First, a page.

Jump to ContentJump to Main Navigation
Securing respectBehavioural expectations and anti-social behaviour in the UK$
Users without a subscription are not able to see the full content.

Andrew Millie

Print publication date: 2009

Print ISBN-13: 9781847420947

Published to Policy Press Scholarship Online: March 2012

DOI: 10.1332/policypress/9781847420947.001.0001

Show Summary Details

Giving respect: the ‘new’ responsibilities of youth in the transition towards citizenship

Giving respect: the ‘new’ responsibilities of youth in the transition towards citizenship

(p.74) (p.75) three Giving respect: the ‘new’ responsibilities of youth in the transition towards citizenship
Securing respect

Alan France

Jo Meredith

Policy Press

There has been a growing political anxiety that respect among the young is becoming a major problem. Although youthful immorality and poor behaviour has been a major component of the ‘youth question’ for quite a time, there is a perception that is has increased in recent years. Equally, there is also a growing concern about crisis in childhood. It is argued that the morality and respect of children for the world they live in is being undermined by the type and pace of social change. This perspective suggests that immorality and lack of respect among children is a signifier of the decline of modern civilised society. Such calls led to continual calls for the government to intervene and find ways to instil the core values of the past. This chapter explores how the approach of the government to reinstate and reaffirm respect has infiltrated government thinking and shaped policy towards the young. This approach of the government is argued to be narrow and unproductive in helping to create a ‘culture of respect’ among the young. In this chapter it is argued that if respect is to be used as a means of mobilizing the youth, then is has to have broader definition and has to render recognition to notions of ‘mutual’ respect and ‘self-respect’. These, as the chapter discovers, are absent from recent youth policy debates. If these are not addressed, the concept of respect as a solution to the youth problem will not bring about significant changes and will only cultivate cynicism and lack of respect from the young towards those who claim to be helping them become future responsible citizens.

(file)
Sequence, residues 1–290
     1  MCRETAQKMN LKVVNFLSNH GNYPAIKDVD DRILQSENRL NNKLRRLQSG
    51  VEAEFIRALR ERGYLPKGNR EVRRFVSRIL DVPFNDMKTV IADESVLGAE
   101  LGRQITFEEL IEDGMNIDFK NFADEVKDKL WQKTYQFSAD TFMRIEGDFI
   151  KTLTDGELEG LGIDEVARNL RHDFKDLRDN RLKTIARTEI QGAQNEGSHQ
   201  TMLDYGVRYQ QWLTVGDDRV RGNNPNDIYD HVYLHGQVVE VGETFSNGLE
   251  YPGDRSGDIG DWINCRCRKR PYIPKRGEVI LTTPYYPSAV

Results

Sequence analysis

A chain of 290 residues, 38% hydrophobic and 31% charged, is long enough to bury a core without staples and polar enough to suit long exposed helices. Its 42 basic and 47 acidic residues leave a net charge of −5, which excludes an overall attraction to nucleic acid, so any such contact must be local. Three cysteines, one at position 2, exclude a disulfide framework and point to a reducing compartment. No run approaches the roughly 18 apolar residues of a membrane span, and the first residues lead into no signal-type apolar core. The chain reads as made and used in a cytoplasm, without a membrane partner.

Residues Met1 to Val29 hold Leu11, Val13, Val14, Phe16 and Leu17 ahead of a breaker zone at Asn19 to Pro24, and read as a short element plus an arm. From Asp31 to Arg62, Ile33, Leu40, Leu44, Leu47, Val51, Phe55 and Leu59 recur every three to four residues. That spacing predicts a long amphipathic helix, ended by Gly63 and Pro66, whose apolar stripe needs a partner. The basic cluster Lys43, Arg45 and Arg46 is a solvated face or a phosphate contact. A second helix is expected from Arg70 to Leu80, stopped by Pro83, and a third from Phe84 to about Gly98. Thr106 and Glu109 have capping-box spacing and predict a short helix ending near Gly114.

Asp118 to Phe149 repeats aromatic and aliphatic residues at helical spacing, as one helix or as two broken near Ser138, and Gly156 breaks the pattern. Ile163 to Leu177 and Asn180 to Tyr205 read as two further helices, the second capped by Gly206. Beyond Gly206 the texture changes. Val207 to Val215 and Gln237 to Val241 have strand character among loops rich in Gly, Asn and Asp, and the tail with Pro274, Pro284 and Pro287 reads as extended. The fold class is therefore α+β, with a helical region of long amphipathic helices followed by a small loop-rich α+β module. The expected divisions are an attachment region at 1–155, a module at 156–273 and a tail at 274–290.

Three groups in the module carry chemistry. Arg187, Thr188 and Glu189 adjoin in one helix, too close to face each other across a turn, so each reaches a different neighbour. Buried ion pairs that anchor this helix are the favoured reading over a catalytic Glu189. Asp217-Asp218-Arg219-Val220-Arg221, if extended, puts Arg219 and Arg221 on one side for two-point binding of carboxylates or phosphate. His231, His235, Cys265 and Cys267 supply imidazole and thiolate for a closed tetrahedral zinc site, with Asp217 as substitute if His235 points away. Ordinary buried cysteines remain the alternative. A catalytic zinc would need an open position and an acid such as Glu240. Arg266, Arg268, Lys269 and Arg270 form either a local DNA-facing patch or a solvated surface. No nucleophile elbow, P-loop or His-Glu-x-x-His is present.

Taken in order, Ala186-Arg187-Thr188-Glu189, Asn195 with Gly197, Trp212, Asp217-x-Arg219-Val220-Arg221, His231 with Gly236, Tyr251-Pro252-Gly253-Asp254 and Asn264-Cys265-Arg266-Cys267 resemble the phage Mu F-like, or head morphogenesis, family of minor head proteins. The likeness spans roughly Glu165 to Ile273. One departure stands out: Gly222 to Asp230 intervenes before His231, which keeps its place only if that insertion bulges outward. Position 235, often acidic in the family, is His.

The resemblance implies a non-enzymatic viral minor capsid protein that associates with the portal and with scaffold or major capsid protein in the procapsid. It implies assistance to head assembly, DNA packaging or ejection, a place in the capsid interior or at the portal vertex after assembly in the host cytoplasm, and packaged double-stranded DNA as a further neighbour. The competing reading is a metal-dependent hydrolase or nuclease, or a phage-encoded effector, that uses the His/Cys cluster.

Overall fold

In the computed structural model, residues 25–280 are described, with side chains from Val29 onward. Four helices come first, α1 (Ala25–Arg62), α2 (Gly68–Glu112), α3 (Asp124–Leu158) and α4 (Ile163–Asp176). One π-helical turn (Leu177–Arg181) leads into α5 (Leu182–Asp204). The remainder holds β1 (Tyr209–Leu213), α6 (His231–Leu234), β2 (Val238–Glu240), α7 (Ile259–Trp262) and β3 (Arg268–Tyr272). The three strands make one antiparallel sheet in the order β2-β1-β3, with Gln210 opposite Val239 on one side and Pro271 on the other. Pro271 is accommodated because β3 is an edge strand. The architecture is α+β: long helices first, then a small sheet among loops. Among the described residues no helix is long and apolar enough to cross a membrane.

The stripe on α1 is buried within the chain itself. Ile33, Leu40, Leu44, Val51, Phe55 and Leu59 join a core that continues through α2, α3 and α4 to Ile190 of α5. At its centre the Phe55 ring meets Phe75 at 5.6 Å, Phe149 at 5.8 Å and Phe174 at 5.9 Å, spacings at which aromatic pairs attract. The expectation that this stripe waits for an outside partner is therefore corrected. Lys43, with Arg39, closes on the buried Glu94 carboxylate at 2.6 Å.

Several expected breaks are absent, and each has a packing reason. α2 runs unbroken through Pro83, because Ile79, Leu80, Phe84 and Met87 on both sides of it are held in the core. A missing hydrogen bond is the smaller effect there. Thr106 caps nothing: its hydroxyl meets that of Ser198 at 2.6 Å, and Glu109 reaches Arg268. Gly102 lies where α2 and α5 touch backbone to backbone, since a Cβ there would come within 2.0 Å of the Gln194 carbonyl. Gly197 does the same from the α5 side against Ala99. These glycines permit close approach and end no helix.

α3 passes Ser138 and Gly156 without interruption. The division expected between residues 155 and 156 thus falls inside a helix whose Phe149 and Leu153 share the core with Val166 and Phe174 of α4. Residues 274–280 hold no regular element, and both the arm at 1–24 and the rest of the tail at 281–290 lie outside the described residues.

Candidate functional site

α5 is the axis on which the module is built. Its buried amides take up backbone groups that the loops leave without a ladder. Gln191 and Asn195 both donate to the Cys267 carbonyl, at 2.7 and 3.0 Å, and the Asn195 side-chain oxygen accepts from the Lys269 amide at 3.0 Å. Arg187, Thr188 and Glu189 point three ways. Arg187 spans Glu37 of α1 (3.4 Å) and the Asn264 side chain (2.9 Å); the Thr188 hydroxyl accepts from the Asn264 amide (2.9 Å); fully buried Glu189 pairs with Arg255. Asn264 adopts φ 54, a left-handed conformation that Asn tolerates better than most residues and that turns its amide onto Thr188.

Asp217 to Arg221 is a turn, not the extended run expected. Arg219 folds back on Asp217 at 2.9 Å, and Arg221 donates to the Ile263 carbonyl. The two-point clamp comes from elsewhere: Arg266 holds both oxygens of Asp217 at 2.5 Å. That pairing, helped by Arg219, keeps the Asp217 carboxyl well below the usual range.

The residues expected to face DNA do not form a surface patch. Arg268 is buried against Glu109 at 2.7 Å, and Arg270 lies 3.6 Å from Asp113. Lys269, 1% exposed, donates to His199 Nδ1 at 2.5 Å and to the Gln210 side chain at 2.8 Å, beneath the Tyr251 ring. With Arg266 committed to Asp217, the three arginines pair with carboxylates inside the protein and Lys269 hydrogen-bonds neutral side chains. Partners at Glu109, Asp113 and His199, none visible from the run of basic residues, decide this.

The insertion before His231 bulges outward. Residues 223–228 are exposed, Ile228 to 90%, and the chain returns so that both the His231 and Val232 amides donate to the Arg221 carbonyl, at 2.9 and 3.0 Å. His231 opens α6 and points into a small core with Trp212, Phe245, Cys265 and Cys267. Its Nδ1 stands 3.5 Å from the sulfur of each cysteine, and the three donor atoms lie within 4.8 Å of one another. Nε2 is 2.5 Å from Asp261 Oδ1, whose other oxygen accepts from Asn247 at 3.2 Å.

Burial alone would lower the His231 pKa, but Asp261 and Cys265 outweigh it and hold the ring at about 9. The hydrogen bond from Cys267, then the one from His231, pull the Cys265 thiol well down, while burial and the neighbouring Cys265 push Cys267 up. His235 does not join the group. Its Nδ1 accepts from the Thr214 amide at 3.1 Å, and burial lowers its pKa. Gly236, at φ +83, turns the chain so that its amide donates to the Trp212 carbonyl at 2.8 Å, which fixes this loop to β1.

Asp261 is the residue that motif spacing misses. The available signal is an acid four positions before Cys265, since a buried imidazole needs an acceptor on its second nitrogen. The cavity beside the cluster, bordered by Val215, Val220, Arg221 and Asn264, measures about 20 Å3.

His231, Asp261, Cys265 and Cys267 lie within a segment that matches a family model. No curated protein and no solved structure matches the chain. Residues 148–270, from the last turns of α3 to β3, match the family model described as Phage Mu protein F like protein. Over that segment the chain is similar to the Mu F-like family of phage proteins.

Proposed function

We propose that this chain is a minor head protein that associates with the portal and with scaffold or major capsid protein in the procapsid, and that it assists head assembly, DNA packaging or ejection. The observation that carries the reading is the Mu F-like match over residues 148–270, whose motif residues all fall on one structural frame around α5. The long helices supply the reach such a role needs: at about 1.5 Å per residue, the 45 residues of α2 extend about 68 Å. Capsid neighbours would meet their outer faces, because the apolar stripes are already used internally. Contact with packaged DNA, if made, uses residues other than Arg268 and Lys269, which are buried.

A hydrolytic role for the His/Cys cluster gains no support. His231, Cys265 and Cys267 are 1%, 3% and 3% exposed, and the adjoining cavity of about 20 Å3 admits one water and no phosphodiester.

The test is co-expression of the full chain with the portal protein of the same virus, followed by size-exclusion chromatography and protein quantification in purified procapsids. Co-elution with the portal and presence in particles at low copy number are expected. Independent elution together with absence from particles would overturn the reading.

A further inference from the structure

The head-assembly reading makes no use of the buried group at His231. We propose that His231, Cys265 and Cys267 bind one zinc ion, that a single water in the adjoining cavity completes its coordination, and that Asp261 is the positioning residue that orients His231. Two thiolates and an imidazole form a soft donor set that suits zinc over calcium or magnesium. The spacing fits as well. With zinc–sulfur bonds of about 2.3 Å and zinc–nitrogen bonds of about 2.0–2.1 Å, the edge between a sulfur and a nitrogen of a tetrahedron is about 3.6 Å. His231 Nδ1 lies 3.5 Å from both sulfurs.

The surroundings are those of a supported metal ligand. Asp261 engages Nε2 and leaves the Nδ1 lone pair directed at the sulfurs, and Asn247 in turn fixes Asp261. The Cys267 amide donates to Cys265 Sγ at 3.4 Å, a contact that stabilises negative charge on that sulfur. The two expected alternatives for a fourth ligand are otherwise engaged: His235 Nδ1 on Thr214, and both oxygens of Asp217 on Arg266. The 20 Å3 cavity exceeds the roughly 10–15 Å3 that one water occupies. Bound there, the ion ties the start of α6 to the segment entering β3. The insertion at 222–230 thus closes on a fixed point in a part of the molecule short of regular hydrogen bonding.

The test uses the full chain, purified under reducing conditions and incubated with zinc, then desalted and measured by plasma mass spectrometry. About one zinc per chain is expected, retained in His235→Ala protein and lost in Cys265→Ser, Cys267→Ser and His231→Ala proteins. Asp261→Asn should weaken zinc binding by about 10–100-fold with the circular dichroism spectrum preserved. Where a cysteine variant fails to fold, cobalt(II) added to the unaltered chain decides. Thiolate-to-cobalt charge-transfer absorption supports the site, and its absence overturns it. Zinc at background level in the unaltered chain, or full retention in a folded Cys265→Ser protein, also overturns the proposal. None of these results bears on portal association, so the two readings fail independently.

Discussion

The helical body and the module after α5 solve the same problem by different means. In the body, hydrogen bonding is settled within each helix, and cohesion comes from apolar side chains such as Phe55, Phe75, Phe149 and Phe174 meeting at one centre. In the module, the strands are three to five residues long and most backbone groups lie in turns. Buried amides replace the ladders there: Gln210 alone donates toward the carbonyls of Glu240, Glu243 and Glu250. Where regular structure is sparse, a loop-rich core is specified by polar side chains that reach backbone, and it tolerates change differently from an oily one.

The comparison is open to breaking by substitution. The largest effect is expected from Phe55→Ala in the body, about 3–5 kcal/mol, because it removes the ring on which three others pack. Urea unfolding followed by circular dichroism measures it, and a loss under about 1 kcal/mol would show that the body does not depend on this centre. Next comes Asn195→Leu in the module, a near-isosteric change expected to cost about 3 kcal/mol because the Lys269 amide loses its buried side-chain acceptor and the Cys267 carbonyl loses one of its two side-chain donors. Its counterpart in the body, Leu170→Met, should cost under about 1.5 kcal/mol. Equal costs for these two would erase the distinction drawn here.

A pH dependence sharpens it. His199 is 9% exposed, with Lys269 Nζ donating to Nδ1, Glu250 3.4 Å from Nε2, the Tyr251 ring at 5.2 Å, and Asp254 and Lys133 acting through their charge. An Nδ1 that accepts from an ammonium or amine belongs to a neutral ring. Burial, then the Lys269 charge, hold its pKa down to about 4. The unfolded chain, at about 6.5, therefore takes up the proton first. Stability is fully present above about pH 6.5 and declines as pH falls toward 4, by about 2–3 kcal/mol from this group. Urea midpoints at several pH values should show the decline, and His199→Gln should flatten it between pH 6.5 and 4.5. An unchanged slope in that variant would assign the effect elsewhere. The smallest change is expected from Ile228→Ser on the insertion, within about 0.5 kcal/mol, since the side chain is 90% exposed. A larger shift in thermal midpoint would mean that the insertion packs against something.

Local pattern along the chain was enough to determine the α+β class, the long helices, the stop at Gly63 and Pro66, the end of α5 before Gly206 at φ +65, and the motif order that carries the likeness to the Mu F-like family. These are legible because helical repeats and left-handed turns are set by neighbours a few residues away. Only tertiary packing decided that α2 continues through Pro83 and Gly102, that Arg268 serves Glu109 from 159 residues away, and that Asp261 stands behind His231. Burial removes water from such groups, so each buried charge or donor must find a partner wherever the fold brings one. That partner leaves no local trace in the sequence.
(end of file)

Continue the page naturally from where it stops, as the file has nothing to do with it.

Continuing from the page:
Keywords:   respect, youthful immorality, poor behaviour, crisis in childhood, immorality, lack of respect, children, culture of respect, mutual respect, self-respect

Policy Press Scholarship Online requires a subscription or purchase to access the full text of books within the service. Public users can however freely search the site and view the abstracts and keywords for each book and chapter.

Please, subscribe or login to access full text content.

If you think you should have access to this title, please contact your librarian.

To troubleshoot, please check our FAQs, and if you can't find the answer there, please contact us.